Justice Scalia comes to town 

Tries not to be noticed.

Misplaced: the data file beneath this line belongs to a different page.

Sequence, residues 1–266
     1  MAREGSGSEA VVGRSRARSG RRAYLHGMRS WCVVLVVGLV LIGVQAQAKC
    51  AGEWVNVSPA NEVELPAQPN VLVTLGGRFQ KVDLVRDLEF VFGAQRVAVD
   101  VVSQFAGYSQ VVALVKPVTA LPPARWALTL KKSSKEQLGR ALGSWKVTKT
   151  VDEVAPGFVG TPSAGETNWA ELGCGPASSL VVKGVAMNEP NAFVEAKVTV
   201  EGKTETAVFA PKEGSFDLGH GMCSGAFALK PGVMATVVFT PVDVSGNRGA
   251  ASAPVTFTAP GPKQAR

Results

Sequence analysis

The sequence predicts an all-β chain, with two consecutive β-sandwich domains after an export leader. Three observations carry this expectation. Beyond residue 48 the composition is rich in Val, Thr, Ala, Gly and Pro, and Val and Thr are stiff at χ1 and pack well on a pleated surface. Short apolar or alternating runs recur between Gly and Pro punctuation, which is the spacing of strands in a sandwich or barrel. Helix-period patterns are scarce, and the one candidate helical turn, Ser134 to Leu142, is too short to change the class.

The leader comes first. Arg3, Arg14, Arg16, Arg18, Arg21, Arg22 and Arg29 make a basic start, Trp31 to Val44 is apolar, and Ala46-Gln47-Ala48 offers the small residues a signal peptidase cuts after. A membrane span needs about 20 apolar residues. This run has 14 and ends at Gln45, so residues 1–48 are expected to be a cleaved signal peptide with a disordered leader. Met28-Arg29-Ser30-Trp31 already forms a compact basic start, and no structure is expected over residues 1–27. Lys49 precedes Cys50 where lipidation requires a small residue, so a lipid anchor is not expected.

A man known for the forceful expression of opinion, U.S. Supreme Court Justice Antonin Scalia was oddly shy about media coverage of his appearance Friday at the William H. Bowen School of Law at the University of Arkansas at Little Rock. Possibly, he has only one speech and is striving to keep it fresh. At any rate, the speech he gave at UALR, the first in a new lecture series at the law school, and given, Scalia said, in memory of the late Judge Richard S. Arnold of Little Rock, was the same one he’d given a couple of nights earlier at Harvard Law School, where he and Arnold were once classmates. Scalia spoke at 5 p.m. Friday to an invited audience that included members of the Arnold family, state and federal judges, university presidents, prominent lawyers and U.S. attorneys. At Scalia’s request, according to UALR communications director Amy Oliver Barnes, neither videotaping nor audiotaping of the speech for later broadcast was allowed. That meant no TV cameras in the auditorium; the only tape recorders allowed were those used by print reporters for note-taking purposes. There were no still cameras, either. Barnes said UALR decided that if TV cameras were to be banned, newspaper cameras should be disallowed as well. Earlier in the day, Scalia had spoken to UALR students. The law school dean, Charles W. Goldner Jr., said in an e-mail to students on Wednesday, Sept. 29, that the large guest list for the evening lecture precluded student attendance. He said Scalia had agreed to a session for students and faculty only, at which the justice would make remarks and then answer questions. "This opportunity to interact with Justice Scalia is definitely superior to the lecture that evening, as in the evening there will be no audience questions and discussion; it will be a straight lecture," Goldner wrote. "Your opportunity to hear Justice Scalia and engage in conversation with him is certainly going to be unique during your time at this school, and for many of you will probably be the only opportunity you have in your lifetime." No media of any kind were allowed at the student session. Barnes said it was considered a classroom event, and the media were not generally admitted to the classroom at UALR. After the evening lecture, Scalia attended a reception in his honor. Cameras were permitted. That’s when the Arkansas Times got its photographs. Some at the law school, and some guests, were disturbed about the restrictions imposed by Scalia and the school. A student wrote to the Times about the ban on taping, "Why is a law school, of all places, going along with what seems to be wrongful by not allowing the public — which finances the law school — to hear the speeches?" Rick Peltz, an associate professor who teaches First Amendment law, said he was disappointed by the ban on taping. "I’m a big fan of his jurisprudence, but I’m also a fan of access," Peltz said. "I don’t understand why he has this policy. I would like to have seen us publish a lecture by him in our journal on the appellate judiciary. But the restrictions apply to us too." Peltz and others agreed that neither the Arkansas Freedom of Information law nor the federal FOI would apply to the situation. The Arkansas law applies to meetings of government bodies and disclosure of public documents. The federal FOI exempts the judiciary. At Harvard (a speech that was reported in the Harvard Crimson) and at Little Rock, Scalia deplored what he said was the tendency of judges to rule on issues that should be left to the people to decide, as the right of women to vote was decided by constitutional amendment. There are no scientific "right answers" for questions involving abortion, suicide, gay marriage and the teaching of evolution, he said, and even if there were, "There is no reason to believe that judges could find them. … It is blindingly clear that judges have no greater capacity than the rest of us to decide what is moral." Scalia said he was unhappy about the intrusion of politics into the judicial appointment process, a development he blamed on Democrats, who, he said, were blocking the appointment of any judge they believed wouldn’t uphold the Roe v. Wade abortion decision. But he said that even the intrusion of politics was better than "government by judicial aristocracy." Scalia was not paid for the speech, but he was reimbursed for travel expenses. Not long ago, U.S. marshals confiscated tapes from reporters at a Scalia speech. Apparently it was after that incident, and the ensuing outcry, that he decided to allow taping for note-taking. At a Scalia speech in Hattiesburg, Miss., in April, a U.S. deputy marshal seized tape recordings of the speech from two journalists. Scalia then wrote letters of apology to the journalists, and changed his policy to allow taping for notes. He is the only justice who prohibits taping for broadcast.


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